Being a 22-year-old philosophy student in Moscow, and seeing things differently from the Establishment’s way of thinking is sensitive, risky business in 2022. To the extent that the young woman whom we met and interviewed via a live stream link, asked us not to mention her surname or publish a picture of her. The girl’s name is quite ironical, given the time and place she lives in: her name is Nato, a not uncommon Georgian name, since her father is Georgian, while her mother is Russian. “I’m just a student, no one knows me and normally I remain silent, so no one will notice me.” But it is necessary to protect her safety, and we gladly comply.
That girl represents hope.
Nato has lively eyes, a cheerful face, large glasses that will not stay in place. She answers our questions with great openness from her small book-laden room. She reflects at length before speaking, her voice cracking every now and then.
Nato’s life changed after February 24: “I stopped going out since the outbreak of the war. I only go to university. I don’t go to clubs, parties, because me and my friends are all being closely monitored.”
Nato speaks about her sense of isolation and the need to be cautious about her whereabouts, “because I’m afraid that someone might report me with charges of disloyalty.”
The biggest turning point in her life occurred seven years ago, in February 2015, when Boris Nemtsov, one of the opposition leaders, was killed in the centre of Moscow: “At that moment I understood that I needed to be involved and that something had to be done to ensure the establishment of a democratic Russia. I was 14 years-old and I felt that the society I was living in was not a normal one.” The systematic deterioration of democracy continued, the areas of freedom became increasingly smaller, while Nato felt a growing sense of “responsibility, as a young person, to fight for democracy in our country.”
She used to think she might leave “a year or two and then return with new insights and knowledge on the best practices of an efficient and democratic society. Now that feeling has almost become a matter of urgency.
She says that once she finishes her philosophy studies she will have to decide whether to pursue further education in philosophy, “‘because I like it so much”, or go on to study political science. However, it will have to be in Europe: ‘”Education in Russia is controlled by the government in many ways today, and I don’t think that studying here would be a good idea.”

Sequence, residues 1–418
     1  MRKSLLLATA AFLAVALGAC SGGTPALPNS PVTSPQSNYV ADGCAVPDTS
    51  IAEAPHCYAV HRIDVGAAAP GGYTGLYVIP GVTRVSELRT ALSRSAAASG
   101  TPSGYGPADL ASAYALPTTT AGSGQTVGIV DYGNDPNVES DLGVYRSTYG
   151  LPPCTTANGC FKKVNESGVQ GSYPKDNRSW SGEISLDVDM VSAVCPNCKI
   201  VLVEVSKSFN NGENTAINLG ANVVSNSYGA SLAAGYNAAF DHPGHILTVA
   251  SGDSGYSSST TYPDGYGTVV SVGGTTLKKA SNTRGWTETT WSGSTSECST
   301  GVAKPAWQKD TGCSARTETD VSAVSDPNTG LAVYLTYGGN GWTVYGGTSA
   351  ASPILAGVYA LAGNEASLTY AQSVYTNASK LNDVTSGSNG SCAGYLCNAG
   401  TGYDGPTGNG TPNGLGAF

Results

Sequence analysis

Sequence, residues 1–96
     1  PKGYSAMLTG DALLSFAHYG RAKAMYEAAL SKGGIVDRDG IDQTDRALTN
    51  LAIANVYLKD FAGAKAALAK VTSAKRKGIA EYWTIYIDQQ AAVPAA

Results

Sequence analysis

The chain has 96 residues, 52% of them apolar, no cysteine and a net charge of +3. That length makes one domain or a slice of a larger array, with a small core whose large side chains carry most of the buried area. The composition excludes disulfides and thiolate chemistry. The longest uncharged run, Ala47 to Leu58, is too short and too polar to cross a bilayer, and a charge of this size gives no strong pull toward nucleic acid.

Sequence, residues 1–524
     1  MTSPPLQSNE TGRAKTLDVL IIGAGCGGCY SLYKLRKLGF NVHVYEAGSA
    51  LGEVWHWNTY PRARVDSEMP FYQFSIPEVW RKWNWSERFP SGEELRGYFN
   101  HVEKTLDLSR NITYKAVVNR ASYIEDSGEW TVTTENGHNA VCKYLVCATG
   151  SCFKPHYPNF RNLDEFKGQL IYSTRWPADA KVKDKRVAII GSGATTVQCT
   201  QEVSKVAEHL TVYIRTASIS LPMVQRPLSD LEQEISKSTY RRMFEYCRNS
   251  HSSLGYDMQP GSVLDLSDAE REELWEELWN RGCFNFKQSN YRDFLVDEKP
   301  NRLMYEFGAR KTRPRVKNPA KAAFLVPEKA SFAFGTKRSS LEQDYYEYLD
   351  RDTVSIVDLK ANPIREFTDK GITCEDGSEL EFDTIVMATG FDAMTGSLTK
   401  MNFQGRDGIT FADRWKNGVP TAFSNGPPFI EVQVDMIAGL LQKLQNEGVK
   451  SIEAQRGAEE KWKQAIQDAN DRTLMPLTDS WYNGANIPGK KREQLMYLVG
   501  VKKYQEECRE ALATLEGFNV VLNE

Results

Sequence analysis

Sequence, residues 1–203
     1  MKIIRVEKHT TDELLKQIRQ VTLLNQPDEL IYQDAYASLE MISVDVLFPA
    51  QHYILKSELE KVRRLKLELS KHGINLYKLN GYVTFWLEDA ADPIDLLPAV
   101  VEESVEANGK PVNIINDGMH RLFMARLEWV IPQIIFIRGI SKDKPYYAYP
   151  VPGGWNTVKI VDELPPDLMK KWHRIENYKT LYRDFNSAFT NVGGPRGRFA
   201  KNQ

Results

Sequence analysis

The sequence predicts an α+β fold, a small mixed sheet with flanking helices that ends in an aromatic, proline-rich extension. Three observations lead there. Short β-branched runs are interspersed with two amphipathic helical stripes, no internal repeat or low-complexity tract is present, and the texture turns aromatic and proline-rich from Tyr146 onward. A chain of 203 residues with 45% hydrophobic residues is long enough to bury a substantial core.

However, Nato says she is not alone. I trustfully ask whether the possibility that one day there will be a rebellion against the war and against Putin also in Russia lies with young people like herself. But her answer is disappointing: “I don’t think young people are any different from the preceding generation. Young people are more informed, but maybe this only leads them to be more liberal. Many young people approve of the war and they believe Russian State propaganda just like the adults.”
According to Nato, the dividing line between those who approve of the war and those who don’t is not one between generations, nor does it involve education levels, in fact it concerns “the way of thinking and self-perception:
people who are used to logical thinking, those who normally analyse the information they receive, and act responsibly, are against the war. Conversely, those whose decisions are determined by emotions, by what the majority wants, those who need to feel they are part of a whole, support not so much the war per se but the government, since they feel they are being ignored by the rest of the world and feel the need to support Russia because it is the only thing they have.” She continues: “Many learned people support the war, and this is a mystery to me, because the war has had devastating consequences for Russia as well as for the rest of the world. However, I understand that they base their opinions on something that is more ontological than self-interest. I obviously disagree, but I understand that it stems from the legacy of a deep-rooted sense of loyalty.”